"We are the best students," he said. - He said they were the best students.
"They called us," he said. - He said they had called them.
"I like your jeans," she said. - She said she liked my jeans.
"I can lend you my car," he said. - He said he could lend me his car.
Sometimes we have to use a noun instead of a pronoun, otherwise the new sentence is confusing.
"He killed them," Kevin said. - Kevin said that the man had killed them.
If we only make mechanical changes (Kevin said he had killed them), the new sentence can have a different meaning - Kevin himself killed them.
This and these are usually substituted.
"They will finish it this year," he said. - He said they would finish it that year.
"I brought you this book," she said. - She said she had brought me the book.
"We want these flowers," they said. - They said they wanted the flowers.
C) Time and place
Let's suppose that we talked to our friend Mary on Friday. And she said: "Greg came yesterday." It means that Greg came on Thursday. If we report Mary's sentence on Sunday, we have to do the following:
Mary: "Greg came yesterday." - Mary said that Greg had come the day before.
If we say: Mary said Greg had come yesterday, it is not correct, because it means that he came on Saturday.
The time expressions change as follows.
now - then, today - that day, tomorrow - the next day/the following day, the day after tomorrow - in two days' time, yesterday - the day before, the day before yesterday - two days before, next week/month - the following week/month, last week/month - the previous week/month, a year ago - a year before/the previous year
Bill: "She will leave tomorrow." - Bill said she would leave the next day.
Sam: "She arrived last week." - Sam said she had arrived the previous week.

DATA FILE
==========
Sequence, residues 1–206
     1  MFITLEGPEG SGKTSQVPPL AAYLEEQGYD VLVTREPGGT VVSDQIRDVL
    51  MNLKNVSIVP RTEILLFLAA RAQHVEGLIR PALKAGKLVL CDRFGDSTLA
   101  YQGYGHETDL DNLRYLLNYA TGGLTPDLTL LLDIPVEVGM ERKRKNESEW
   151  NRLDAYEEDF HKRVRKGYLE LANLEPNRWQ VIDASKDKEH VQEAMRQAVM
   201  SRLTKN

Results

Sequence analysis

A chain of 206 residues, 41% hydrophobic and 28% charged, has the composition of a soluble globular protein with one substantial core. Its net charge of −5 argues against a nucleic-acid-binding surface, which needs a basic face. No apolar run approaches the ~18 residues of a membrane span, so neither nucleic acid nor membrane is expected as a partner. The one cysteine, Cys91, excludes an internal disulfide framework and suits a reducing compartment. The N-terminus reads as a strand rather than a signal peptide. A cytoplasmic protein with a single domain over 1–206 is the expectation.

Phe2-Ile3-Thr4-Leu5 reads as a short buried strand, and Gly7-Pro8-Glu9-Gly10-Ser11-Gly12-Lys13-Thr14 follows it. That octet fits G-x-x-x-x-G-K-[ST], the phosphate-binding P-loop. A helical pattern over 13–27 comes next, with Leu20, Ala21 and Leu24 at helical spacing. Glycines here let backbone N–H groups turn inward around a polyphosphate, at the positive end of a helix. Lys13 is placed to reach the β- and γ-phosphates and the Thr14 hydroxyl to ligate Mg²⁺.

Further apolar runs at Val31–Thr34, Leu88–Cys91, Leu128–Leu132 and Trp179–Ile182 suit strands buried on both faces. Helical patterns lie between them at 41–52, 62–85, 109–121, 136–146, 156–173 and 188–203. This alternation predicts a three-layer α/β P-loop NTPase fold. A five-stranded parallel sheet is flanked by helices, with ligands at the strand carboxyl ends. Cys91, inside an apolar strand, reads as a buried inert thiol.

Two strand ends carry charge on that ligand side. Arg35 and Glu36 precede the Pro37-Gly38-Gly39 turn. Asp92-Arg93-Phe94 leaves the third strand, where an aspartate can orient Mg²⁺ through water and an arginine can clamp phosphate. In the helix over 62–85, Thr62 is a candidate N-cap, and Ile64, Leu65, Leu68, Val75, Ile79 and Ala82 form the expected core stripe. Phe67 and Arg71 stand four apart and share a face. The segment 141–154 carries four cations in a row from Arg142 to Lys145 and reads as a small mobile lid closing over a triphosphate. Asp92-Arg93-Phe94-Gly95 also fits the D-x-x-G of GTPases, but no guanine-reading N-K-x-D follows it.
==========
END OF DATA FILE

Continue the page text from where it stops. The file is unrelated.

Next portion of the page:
Julie: "He moved a year ago." - Julie said he had moved a year before.
If something is said and reported at the same time, the time expressions can remain the same.
"I will go on holiday tomorrow," he told me today. - He told me today he would go on holiday tomorrow.
"We painted the hall last weekend," she told me this week. - She told me this week they had painted the hall last weekend.
On the other hand, if something is reported later, the time expressions are different in the indirect speech.
Last week Jim said: "I'm playing next week."
If we say his sentence a week later, we will say:
Jim said he was playing this week.
Here usually becomes there. But sometimes we make different adjustments.
At school: "I'll be here at 10 o'clock," he said. - He said he would be there at 10 o'clock.
In Baker Street: "We'll meet here." - He said they would meet in Baker Street.
Direct questions become indirect-questions with the same word order as statements. The reporting verb say changes into ask, want to know, wonder...
"Where have you been?" he said. - He asked me where I had been.
"What time did it start?" he said. - He wanted to know what time it had started.
"Why won't he do it?" she said. - She wondered why he wouldn't do it.
In yes/no questions we use if or whether in questions. If is more common and whether is more formal.
"Will you come?" she asked me. - She asked me if/whether I would come.
"Did he marry Sue?" she said. - She wondered if/whether he had married Sue.
Reported commands, requests and advice
The commands, requests and advice mostly have the same form in English: verb + object + infinitive (advise, ask, beg, forbid, order, persuade, recommend, tell, urge, warn etc.).
In the direct speech we do not mention the person in the imperative. In the indirect speech the person addressed must be mentioned.
"Get up!" he said. - He told me to get up.
"Please, revise for the test," he said. - He urged me to revise for the test.
"Put on your coat," I said. - I advised him to put on his coat.
Negative commands, requests and advice are made by verb + object + not + infinitive.
"Don't hesitate," he said. - He persuaded me not to hesitate.
"Don't smoke," the doctor warned my father. - The doctor warned my father not to smoke.
Tell can introduce statements, commands, requests or advice. The form is different, however.
Statements with tell
"I'm leaving," he told me. - He told me that he was leaving.
Commands, requests or advice with tell
"Leave the room," he told John. - He told John to leave the room.
"Don't give up," the teacher told her students. - The teacher told the students not to give up.
Similarly ask is used in reported questions, commands, requests or advice in different forms.
Questions with ask
"Will you make coffee?" he said. - He asked me if I would make coffee.
Commands, requests or advice with ask
"Make coffee, please," he said. - He asked me to make coffee.
"Don't park in my place," Greg told me. - Greg asked me not to park in his place.